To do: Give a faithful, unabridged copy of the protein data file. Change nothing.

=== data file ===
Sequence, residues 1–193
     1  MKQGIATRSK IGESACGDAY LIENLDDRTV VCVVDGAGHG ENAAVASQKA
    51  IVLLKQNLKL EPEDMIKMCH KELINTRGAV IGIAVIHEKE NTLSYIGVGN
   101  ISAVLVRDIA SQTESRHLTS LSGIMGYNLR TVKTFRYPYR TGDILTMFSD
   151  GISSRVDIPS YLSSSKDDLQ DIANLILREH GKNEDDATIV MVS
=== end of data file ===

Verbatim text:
Sequence, residues 1–193
     1  MKQGIATRSK IGESACGDAY LIENLDDRTV VCVVDGAGHG ENAAVASQKA
    51  IVLLKQNLKL EPEDMIKMCH KELINTRGAV IGIAVIHEKE NTLSYIGVGN
   101  ISAVLVRDIA SQTESRHLTS LSGIMGYNLR TVKTFRYPYR TGDILTMFSD
   151  GISSRVDIPS YLSSSKDDLQ DIANLILREH GKNEDDATIV MVS